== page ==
I am dedicated to the goals of this group, to keep alive the memory of the horrors of the bombs dropped on Hiroshima and Nagasaki and to work towards a world free of nuclear weapons and nuclear power.
I am a long time social justice activist and get a lot of strength from my mother and the family who I never knew.
Being a ‘Sansei’ (third-generation Japanese American) and growing up in the United States, I did not have firsthand knowledge of the horrors of the Hiroshima and Nagasaki bombings, however, one of my grandfathers came from Kure, a village on the outskirts of Hiroshima.
I grew up in New York City, knowing that if there was a nuclear war, we would be a top target. Some are trying to push nuclear energy as a solution to climate change. Peace Crane Project is a way to push for positive changes on these issues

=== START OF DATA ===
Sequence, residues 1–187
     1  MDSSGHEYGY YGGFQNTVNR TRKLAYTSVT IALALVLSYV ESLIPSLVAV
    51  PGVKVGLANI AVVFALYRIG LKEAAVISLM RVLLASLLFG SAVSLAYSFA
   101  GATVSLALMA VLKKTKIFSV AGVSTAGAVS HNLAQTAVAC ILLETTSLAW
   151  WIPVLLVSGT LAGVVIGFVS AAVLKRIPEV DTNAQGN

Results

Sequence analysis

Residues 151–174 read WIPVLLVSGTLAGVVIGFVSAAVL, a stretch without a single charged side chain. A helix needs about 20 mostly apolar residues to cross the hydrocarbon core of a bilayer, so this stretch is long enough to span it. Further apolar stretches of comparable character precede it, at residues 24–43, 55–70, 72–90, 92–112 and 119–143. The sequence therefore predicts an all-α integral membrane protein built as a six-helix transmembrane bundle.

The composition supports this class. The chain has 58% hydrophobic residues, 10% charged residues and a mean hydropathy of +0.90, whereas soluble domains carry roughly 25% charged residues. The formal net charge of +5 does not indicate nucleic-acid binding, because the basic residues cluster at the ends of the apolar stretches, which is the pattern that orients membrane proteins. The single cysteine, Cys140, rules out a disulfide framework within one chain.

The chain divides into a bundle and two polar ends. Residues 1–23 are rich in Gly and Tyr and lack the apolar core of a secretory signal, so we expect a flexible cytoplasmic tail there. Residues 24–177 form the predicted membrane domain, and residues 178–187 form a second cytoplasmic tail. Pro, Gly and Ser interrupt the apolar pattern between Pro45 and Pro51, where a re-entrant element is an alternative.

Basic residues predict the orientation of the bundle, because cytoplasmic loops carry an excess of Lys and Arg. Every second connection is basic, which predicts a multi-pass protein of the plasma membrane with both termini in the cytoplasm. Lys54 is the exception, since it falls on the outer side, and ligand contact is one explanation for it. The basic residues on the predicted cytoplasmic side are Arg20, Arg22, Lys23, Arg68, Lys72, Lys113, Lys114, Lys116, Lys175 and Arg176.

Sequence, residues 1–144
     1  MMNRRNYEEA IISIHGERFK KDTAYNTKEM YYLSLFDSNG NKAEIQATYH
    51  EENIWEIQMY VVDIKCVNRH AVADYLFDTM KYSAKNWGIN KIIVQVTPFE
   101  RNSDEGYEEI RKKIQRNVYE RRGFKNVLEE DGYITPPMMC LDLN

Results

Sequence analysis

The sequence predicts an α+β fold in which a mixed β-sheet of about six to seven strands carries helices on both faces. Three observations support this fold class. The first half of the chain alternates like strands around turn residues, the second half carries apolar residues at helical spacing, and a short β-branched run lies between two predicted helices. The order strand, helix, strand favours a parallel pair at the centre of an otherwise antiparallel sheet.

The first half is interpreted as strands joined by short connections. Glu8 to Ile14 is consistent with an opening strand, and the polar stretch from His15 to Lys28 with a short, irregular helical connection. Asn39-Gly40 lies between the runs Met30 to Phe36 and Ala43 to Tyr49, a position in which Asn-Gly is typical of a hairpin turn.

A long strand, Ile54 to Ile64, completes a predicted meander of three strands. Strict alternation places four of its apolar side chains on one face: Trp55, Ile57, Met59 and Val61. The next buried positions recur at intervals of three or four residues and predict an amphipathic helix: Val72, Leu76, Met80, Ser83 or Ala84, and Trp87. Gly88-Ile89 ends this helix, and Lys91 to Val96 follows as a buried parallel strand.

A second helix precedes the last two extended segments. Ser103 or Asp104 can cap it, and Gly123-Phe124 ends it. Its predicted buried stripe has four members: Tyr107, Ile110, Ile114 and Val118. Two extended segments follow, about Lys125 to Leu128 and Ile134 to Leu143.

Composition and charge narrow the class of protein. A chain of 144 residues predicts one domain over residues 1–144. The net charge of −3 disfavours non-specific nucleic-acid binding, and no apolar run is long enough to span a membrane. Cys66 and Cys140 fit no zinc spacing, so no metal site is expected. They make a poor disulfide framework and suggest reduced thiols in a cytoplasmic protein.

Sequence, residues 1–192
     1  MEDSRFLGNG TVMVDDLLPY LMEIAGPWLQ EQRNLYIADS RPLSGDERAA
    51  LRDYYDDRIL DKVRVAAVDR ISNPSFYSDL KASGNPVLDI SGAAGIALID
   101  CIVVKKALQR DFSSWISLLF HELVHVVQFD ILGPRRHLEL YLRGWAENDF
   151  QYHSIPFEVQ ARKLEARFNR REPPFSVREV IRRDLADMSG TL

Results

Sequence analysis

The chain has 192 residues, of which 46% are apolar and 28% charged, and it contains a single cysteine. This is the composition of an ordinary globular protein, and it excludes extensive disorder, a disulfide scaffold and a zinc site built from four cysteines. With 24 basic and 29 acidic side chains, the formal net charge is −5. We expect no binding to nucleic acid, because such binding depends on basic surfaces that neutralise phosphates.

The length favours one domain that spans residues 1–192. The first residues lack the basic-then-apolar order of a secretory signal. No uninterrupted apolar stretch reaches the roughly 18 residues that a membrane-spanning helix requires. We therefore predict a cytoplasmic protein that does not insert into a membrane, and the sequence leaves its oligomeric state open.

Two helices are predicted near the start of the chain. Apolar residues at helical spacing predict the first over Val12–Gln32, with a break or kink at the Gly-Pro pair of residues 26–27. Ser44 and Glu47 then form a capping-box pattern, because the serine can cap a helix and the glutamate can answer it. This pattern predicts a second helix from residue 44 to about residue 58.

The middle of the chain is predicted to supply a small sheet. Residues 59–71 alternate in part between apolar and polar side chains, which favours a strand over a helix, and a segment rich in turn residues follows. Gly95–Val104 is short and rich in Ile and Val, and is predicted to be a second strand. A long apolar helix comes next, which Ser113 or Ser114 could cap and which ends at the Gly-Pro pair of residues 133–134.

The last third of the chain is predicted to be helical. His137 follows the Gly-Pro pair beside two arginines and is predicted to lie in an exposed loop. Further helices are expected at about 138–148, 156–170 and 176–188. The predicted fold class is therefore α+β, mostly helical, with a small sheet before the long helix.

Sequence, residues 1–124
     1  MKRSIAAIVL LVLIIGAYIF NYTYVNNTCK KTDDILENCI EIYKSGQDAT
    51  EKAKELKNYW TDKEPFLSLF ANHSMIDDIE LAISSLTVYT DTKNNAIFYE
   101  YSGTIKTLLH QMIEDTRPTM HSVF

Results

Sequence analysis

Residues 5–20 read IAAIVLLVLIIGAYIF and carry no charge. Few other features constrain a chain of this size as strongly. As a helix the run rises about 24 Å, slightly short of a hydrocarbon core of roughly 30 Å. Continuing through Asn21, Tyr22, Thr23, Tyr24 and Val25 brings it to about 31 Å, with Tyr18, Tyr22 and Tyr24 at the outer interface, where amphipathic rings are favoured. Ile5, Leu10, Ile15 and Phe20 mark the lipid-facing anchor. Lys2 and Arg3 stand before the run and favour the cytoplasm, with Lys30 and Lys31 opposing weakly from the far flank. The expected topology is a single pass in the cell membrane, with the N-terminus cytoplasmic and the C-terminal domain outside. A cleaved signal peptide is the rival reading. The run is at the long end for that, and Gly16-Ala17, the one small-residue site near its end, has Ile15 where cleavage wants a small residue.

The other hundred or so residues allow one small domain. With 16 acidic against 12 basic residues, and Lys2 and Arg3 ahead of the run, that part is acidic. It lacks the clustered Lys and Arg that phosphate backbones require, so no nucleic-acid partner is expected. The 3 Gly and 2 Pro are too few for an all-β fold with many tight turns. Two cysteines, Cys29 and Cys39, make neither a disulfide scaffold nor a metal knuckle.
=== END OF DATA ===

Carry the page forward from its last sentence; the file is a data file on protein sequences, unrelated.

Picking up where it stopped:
Now that I am a grandmother I have more reasons to help create a peaceful and sustainable world for my grandchildren and beyond.
These trees are powerful symbols of man-made destruction and nature’s resilience. Perhaps they can express people’s desire for peace more effectively than we can ourselves.
These trees, which can live up to 3,000 years, carry in their DNA the memories of the horrors of war and speak powerfully of resilience and hope for the task of building a peaceful world.